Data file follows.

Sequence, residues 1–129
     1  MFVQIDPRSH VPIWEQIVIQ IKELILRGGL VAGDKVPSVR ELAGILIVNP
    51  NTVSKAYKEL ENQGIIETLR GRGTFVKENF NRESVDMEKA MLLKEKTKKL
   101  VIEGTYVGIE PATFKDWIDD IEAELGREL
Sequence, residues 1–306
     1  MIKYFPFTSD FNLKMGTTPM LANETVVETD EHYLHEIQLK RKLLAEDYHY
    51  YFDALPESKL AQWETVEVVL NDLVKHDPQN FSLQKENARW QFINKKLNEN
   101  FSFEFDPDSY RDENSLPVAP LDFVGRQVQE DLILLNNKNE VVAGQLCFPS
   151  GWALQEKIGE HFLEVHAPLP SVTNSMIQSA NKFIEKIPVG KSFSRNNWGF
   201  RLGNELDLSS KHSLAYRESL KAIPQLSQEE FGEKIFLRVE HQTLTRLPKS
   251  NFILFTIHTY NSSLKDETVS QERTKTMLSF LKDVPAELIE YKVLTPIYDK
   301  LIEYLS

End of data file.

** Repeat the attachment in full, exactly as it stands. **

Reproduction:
Sequence, residues 1–129
     1  MFVQIDPRSH VPIWEQIVIQ IKELILRGGL VAGDKVPSVR ELAGILIVNP
    51  NTVSKAYKEL ENQGIIETLR GRGTFVKENF NRESVDMEKA MLLKEKTKKL
   101  VIEGTYVGIE PATFKDWIDD IEAELGREL
Sequence, residues 1–306
     1  MIKYFPFTSD FNLKMGTTPM LANETVVETD EHYLHEIQLK RKLLAEDYHY
    51  YFDALPESKL AQWETVEVVL NDLVKHDPQN FSLQKENARW QFINKKLNEN
   101  FSFEFDPDSY RDENSLPVAP LDFVGRQVQE DLILLNNKNE VVAGQLCFPS
   151  GWALQEKIGE HFLEVHAPLP SVTNSMIQSA NKFIEKIPVG KSFSRNNWGF
   201  RLGNELDLSS KHSLAYRESL KAIPQLSQEE FGEKIFLRVE HQTLTRLPKS
   251  NFILFTIHTY NSSLKDETVS QERTKTMLSF LKDVPAELIE YKVLTPIYDK
   301  LIEYLS